Author(s): John J McLaughlin
General Albert C. Wedemeyer wrote the most important military document of World War II, the Victory Program (sometimes called Victory Plan) in the spring of 1941, shortly before America entered the war. The Victory Program recommended the build up of American Armed Forces, increased civilian production to wartime levels, and a strategic plan to organize our forces in England in preparation for a cross-channel invasion into France in the spring of 1943. Wedemeyer's recommendation for a cross-channel invasion was resisted by Churchill, who never favored an invasion into France at any time. To silence him, he was "eased out" to Asia with approval of President Roosevelt. General Wedemeyer replaced General Stilwell as the Commander of American forces in China in October 1944 and was responsible for the improvement of Chinese troops. He was one of the few Americans to understand the menace of Communism, and strongly urged full United States support of Chiang Kai-shek's Nationalist forces against the Chinese Communists under Mao Tse-tung.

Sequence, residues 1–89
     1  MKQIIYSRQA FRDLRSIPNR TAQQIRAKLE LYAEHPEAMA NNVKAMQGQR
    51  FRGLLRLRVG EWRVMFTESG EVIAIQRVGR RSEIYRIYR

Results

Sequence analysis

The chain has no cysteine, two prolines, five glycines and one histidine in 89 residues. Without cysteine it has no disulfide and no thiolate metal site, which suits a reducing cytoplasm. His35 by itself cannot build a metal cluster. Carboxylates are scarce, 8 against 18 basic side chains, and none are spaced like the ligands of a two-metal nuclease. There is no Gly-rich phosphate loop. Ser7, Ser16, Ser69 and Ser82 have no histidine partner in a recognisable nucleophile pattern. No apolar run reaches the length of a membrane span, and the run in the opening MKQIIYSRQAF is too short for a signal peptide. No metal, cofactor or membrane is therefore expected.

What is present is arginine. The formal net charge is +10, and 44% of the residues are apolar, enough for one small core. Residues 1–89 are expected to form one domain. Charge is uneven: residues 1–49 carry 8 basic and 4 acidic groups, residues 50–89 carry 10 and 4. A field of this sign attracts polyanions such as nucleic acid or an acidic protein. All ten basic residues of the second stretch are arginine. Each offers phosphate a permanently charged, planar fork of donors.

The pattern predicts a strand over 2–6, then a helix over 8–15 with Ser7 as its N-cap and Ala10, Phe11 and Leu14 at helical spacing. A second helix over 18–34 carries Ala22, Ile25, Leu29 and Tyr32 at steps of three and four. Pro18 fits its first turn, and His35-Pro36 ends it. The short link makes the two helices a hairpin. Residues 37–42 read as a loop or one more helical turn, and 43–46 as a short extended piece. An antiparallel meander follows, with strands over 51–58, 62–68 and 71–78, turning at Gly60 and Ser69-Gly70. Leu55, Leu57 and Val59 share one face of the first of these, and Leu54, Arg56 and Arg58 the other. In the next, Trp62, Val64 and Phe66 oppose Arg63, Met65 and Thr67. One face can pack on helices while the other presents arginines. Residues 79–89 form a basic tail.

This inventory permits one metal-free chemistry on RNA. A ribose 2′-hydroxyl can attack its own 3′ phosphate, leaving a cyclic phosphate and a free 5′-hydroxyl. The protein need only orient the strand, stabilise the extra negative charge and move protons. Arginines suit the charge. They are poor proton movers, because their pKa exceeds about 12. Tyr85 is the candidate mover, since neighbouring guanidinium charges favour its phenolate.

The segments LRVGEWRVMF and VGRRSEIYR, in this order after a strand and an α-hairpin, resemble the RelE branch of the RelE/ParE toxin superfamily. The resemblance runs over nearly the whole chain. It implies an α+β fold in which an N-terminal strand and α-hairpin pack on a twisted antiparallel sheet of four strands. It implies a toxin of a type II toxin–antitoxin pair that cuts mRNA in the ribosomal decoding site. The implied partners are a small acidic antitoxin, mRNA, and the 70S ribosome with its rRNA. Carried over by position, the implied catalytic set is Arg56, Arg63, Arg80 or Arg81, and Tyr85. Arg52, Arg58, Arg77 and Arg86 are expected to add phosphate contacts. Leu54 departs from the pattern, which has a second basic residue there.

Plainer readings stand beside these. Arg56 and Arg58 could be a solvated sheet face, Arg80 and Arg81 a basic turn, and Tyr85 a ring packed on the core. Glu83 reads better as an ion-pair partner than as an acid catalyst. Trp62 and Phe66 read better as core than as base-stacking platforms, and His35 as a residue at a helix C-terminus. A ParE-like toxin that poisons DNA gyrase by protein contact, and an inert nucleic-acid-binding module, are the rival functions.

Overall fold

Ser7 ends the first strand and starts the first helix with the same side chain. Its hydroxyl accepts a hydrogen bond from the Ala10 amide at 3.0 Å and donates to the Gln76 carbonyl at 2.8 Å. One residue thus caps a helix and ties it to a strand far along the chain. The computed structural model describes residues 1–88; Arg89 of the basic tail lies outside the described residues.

After the war, Wedemeyer returned to China in 1947 for the purpose of making recommendations with regard to the ongoing civil war/revolution between the Nationalists and the Communists. His report and recommendations were suppressed by President Truman until after the Communists had come to power in 1949. This dissertation argues that the United States made two grave errors by not heeding General Wedemeyer's advice and strategic recommendations. First, if his recommendation for an invasion into France in 1943 had been followed, Allied forces could have prevented the Russians from seizing all the territory they occupied at the end of World War II. Secondly, if America had followed Wedemeyer's advice contained in his 1947 report and supported Chiang Kai-shek's Nationalist government in China, the Communists would have been defeated. The "Cold War," Korean War, and Vietnam War are the direct result of America's failed strategic and political policies in Asia, which allowed the Communists to take over China. Wedemeyer understood the coming events in Europe and Asia, and has been overlooked in favor of many others whose vision was not as clear as his.